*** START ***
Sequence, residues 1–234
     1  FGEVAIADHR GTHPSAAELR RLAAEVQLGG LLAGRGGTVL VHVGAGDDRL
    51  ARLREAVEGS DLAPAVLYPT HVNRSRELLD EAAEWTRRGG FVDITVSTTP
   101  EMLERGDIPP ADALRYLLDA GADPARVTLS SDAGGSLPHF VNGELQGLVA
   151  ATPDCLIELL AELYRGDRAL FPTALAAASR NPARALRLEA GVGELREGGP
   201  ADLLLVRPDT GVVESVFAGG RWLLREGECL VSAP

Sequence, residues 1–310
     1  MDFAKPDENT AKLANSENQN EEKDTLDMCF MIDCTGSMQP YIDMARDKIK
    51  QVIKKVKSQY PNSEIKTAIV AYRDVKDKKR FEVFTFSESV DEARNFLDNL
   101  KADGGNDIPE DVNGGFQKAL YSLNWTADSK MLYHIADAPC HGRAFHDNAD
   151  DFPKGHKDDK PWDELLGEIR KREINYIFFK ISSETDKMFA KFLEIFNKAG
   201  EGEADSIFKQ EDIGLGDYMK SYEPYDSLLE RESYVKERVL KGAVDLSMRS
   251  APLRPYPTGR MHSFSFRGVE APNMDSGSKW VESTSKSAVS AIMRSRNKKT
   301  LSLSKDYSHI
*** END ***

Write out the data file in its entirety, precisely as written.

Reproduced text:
Sequence, residues 1–234
     1  FGEVAIADHR GTHPSAAELR RLAAEVQLGG LLAGRGGTVL VHVGAGDDRL
    51  ARLREAVEGS DLAPAVLYPT HVNRSRELLD EAAEWTRRGG FVDITVSTTP
   101  EMLERGDIPP ADALRYLLDA GADPARVTLS SDAGGSLPHF VNGELQGLVA
   151  ATPDCLIELL AELYRGDRAL FPTALAAASR NPARALRLEA GVGELREGGP
   201  ADLLLVRPDT GVVESVFAGG RWLLREGECL VSAP

Sequence, residues 1–310
     1  MDFAKPDENT AKLANSENQN EEKDTLDMCF MIDCTGSMQP YIDMARDKIK
    51  QVIKKVKSQY PNSEIKTAIV AYRDVKDKKR FEVFTFSESV DEARNFLDNL
   101  KADGGNDIPE DVNGGFQKAL YSLNWTADSK MLYHIADAPC HGRAFHDNAD
   151  DFPKGHKDDK PWDELLGEIR KREINYIFFK ISSETDKMFA KFLEIFNKAG
   201  EGEADSIFKQ EDIGLGDYMK SYEPYDSLLE RESYVKERVL KGAVDLSMRS
   251  APLRPYPTGR MHSFSFRGVE APNMDSGSKW VESTSKSAVS AIMRSRNKKT
   301  LSLSKDYSHI